The risks of becoming a trustee

Do your homework before becoming a trustee


As Freddy enjoyed his favourite morning tea of pikelets with jam and cream, his neighbour Bill arrived and asked Freddy to be a trustee of a new charitable trust that Bill and some of the other local farmers are setting up.

Bill is very excited about the trust because its purpose is to help underprivileged young people from the city attend agricultural training courses and get work on farms.

“I would love to be involved Bill, but I need to know more about what is required of a trustee” said Freddy.  Pebbles, Freddy’s lawyer daughter, arrived and overheard the conversation.  “Dad, that’s a wonderful idea, but it is important that you understand the risks for trustees” said Pebbles.

“The trustees are responsible to ensure that the trust complies with its constitution and the law.  This means that the trustees must be well informed about the constitution of the trust and its activities (including financial information).”

“You need to get some governance training and be willing to be pro-active to require financial and other information to be presented to the Board in a way that is understandable by non-specialists,” said Pebbles. 

“It is the trustee’s job to govern the trust and to understand the risks that the trust faces.  As a trustee, you will make decisions for the benefit of the beneficiaries of the trust.  Where a decision involves complex legal or financial matters you need to seek professional advice to help you assess the risks associated with the decision.”

“Trustees are accountable for their actions.  Trustees must be honest and they have a duty to be diligent and prudent and to take the same care that an ordinary person would take if they were making an investment for the benefit of others.  As a trustee, you can’t delegate to someone else to make decisions for you, not even the other trustees.”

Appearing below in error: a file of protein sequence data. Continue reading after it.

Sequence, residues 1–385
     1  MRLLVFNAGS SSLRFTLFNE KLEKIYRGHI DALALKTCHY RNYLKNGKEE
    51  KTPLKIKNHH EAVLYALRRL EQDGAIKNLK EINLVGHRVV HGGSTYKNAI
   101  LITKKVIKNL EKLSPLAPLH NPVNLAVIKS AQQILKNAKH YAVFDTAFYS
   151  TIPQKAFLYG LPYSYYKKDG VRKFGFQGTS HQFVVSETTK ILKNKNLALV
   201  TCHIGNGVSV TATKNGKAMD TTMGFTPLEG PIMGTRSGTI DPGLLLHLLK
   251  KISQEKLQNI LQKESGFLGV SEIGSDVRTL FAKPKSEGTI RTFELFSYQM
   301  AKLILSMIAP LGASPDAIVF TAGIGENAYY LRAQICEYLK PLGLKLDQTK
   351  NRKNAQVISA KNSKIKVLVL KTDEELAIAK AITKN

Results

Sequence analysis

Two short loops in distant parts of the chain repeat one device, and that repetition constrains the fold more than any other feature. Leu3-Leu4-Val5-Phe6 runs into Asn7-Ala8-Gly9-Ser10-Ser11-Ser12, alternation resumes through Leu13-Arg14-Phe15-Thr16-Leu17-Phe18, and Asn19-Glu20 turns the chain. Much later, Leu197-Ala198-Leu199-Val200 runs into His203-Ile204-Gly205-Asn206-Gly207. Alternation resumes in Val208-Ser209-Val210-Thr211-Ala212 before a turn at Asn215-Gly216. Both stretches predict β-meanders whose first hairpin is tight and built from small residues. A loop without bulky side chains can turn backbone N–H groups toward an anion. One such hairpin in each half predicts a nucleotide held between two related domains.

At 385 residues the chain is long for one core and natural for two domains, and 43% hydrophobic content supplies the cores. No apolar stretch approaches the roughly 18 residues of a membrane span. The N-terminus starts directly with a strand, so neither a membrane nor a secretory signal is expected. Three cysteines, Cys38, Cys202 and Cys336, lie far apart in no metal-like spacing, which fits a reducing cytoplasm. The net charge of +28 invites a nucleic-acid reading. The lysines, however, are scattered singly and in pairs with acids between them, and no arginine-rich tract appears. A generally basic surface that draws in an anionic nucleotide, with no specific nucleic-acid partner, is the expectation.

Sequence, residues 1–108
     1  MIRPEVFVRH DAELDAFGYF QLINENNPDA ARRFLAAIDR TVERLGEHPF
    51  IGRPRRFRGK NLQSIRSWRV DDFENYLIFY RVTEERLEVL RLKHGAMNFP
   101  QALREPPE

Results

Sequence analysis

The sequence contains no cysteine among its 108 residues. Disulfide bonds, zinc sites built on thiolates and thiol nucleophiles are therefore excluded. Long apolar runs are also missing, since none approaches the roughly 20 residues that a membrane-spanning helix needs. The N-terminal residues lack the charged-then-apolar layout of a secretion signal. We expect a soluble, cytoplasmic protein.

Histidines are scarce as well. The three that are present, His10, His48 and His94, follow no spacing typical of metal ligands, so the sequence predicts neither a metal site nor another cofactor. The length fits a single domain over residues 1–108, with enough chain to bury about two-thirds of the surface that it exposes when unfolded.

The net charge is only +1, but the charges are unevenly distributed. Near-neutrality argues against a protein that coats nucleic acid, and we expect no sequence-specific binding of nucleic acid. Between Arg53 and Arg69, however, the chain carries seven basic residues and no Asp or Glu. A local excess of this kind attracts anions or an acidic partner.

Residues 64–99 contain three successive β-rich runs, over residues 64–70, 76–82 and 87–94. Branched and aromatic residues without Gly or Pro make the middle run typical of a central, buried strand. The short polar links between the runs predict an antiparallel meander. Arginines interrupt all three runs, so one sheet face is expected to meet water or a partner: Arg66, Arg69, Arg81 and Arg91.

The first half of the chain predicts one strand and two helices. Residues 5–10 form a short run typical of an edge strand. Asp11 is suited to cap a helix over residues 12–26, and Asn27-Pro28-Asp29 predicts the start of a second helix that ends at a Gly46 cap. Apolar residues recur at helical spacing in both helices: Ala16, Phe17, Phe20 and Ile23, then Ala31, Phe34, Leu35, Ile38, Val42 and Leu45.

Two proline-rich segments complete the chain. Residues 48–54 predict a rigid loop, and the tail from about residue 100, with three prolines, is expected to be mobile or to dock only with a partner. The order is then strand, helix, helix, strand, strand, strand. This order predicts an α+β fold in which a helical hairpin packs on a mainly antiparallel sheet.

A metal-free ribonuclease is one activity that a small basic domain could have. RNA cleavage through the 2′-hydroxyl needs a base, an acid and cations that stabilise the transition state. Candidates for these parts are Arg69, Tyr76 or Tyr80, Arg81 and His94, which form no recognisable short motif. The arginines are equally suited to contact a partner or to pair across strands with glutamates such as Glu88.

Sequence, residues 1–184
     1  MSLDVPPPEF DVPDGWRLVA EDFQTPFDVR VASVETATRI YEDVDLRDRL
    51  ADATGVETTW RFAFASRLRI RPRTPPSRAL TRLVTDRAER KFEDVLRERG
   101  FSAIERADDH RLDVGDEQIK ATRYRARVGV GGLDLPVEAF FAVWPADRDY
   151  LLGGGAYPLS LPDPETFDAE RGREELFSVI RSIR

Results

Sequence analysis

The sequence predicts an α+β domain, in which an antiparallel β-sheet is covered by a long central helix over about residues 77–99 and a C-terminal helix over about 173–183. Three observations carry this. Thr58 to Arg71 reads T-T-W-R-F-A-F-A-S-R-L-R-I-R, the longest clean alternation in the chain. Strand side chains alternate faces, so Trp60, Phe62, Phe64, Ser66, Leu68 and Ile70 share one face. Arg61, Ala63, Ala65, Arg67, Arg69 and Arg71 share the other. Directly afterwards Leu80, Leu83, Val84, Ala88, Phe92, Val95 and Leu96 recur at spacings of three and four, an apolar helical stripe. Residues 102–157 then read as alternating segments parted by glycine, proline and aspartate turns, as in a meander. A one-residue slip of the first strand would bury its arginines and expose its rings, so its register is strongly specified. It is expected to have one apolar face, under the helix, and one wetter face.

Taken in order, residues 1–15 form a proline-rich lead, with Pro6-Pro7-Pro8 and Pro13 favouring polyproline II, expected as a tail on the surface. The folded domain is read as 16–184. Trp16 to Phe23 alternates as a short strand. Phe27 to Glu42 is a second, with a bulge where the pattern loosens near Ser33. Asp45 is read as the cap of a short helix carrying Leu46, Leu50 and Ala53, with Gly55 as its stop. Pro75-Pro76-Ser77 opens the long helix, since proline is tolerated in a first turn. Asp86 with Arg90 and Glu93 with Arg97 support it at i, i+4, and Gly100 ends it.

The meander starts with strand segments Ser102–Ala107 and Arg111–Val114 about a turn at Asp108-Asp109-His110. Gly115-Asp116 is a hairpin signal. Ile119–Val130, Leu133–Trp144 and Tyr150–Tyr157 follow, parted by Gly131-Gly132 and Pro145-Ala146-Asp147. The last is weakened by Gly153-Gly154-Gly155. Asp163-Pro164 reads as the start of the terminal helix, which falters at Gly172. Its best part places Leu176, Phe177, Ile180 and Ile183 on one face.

“Trustees must be impartial and even-handed about how they use the trust’s resources and balance the needs for current and future beneficiaries. 

“Trustees must act in the best interest of the beneficiaries of the trust, and this is so even if the trust’s interests conflict with their own personal interests.  If a trustee has a personal interest in a decision (for example, if a trustee wanted to contract with the trust to give work to beneficiaries), then that trustee needs to disclose that interest to the Board and if the conflict is substantial, the conflicted trustee needs to be removed from that decision altogether” said Pebbles. 

“Gee Pebbles” said Freddy, “being a trustee is not just about wanting to encourage young people to learn about farming.  I need to think about this a bit more before I commit to Bill’s idea.”   

“You’re absolutely right there” said Pebbles.  “Bill’s idea is wonderful but if you are going to be trustees, you both need to think very carefully about it and maybe get some governance training.  You also need to make sure the trust has Directors’ and Officers’ insurance.  This will protect you from some of the risks of being a trustee” said Pebbles. 

“Thanks Pebbles, I need to be careful to not let my passion for the purpose of the trust blind me from the risks of being a trustee,” said Freddy. 

The content of this document is necessarily general and readers should seek specific advice on particular matters and not rely solely on this document. 

If you would like more information on any of the topics in this document, please contact your usual Auld Brewer Mazengarb & McEwen adviser. 

 

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Marie Callander